Right now we’re in heated preparation for publishing our second novel GALAHAD’S FOOL, officially to hit the world on May 1, 2018. A ways away, but we have to finalize text and layout, cover design, and publicity strategy within the next month. We’re bringing it out ourselves through our own WordWorkers Press; while we had a contract with a small Philadelphia publisher, after about six months of editing, it fell through.
Why? Well, such things happen. With an editor, you’re inviting a stranger into bed with you, and even though there’s lots of enthusiasm at the outset, you may have a mismatched set of kinks. In this case, we had asked, “How much editing do you feel will be needed?” and heard, “Maybe just some tightening, maybe ten percent.” Fine. From writing about 60 produced shows over the years, the mantra of Less is more is tattooed all over ourselves. And in fact, over the course of time, the novel went from 80,000 words to 70,000 and gained in the process.
Initially, it started to hit glitches on minor things: a dialogue passage intended to be ironical would be taken literally. Simple: rewrite to make it unmistakable. Or cuts proposed that eliminated a crucial bit of backstory. So try this: explain why it has to be there, and offer another solution to the story seeming to drag at that point: tighten the prose to get us through it faster.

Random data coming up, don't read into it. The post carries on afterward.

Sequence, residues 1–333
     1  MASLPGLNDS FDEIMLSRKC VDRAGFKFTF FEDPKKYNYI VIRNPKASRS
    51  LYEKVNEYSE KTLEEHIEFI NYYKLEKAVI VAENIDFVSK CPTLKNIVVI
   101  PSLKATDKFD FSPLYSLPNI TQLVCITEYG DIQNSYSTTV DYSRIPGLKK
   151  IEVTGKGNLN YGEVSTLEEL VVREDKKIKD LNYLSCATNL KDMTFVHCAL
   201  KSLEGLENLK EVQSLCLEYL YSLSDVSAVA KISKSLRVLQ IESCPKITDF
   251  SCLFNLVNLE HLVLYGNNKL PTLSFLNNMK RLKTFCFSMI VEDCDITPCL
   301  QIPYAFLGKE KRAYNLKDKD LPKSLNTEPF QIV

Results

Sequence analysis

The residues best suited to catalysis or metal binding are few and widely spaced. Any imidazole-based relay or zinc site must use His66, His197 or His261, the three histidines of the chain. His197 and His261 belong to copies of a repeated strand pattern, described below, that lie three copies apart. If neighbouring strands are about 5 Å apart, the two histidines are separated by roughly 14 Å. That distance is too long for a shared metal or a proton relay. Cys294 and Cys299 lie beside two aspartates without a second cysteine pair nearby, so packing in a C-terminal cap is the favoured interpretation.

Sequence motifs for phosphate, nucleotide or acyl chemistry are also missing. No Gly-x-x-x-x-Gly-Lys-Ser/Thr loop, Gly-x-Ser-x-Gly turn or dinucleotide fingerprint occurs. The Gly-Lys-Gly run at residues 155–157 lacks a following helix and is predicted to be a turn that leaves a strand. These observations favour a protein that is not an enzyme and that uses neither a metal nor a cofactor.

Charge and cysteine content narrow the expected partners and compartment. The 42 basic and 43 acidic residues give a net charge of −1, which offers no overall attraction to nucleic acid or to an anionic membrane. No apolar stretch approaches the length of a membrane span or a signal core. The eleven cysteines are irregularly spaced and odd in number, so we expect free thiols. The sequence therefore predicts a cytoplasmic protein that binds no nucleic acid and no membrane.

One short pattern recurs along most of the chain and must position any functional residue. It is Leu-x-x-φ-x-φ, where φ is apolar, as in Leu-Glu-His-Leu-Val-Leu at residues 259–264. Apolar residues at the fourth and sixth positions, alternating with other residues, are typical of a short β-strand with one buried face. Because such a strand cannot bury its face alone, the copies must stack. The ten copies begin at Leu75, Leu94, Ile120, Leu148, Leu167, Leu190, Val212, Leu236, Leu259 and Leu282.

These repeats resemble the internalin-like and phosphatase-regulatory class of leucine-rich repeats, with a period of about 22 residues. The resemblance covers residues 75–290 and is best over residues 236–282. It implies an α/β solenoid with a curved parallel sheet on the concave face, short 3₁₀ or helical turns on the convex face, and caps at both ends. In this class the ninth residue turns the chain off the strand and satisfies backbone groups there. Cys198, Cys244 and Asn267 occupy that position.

Some comments required more juggling, but they seemed valid. It wasn’t until the second round of edits that things began to go awry.
* A court fool is traditionally the one who tells his master the raw truth. Well, yes, that’s a cliché and it’s Lear’s Fool, but it’s not Sammy Shit-pants.
* The relationship between Albert and his dead wife is co-dependent. You need to strengthen the co-dependency theme. Well, it’s based on our own relationship: if that’s co-dependent it’s kinda late to change it. That would be an interesting novel, but not ours.
* When it says, ‘Sammy told her what to do” you need to tell us what he said. But we find out two chapters later: that’s called suspense.
And so on. And in fact those comments were useful in a bass-ackward way. Over the years we’ve learned never to ignore a comment, no matter how off-the-wall it seems. (Not to mention that a publisher is gambling her money and her reputation on this thing.) But while your doctor needs to listen carefully to every symptom you describe, she may not agree with your proposed diagnosis or prescription.
So for us the issue is always: what’s producing that impression? Why’s our intent being misunderstood? What can we do to remedy the underlying symptom without making the patient break out in spots? If one intelligent reader took the wrong turn, others will, so how can we make the roadsigns clearer?
In fact, responding to those weird misreadings—and one way or another we responded to them all—produced a much better novel. Though not to the publisher’s taste. No responses from her to any particulars, just, “No, it’s not ready.” We had the choice of delaying publication to an unknown date and writing the book she wanted or canceling the contract. So we returned the modest advance and washed our hands.
And indeed there’s a bitter aftertaste. We’ve had a few theatrical collaborations—among many that were joyous—where we were left with Wha’ hoppen? Did she read the book more than once? Did her life or her politics change? Did she peg us as ignorant geezers? Are we out of step with the times?
In any case, we move ahead. Out-of-step gets your heels stepped on, but you still get there.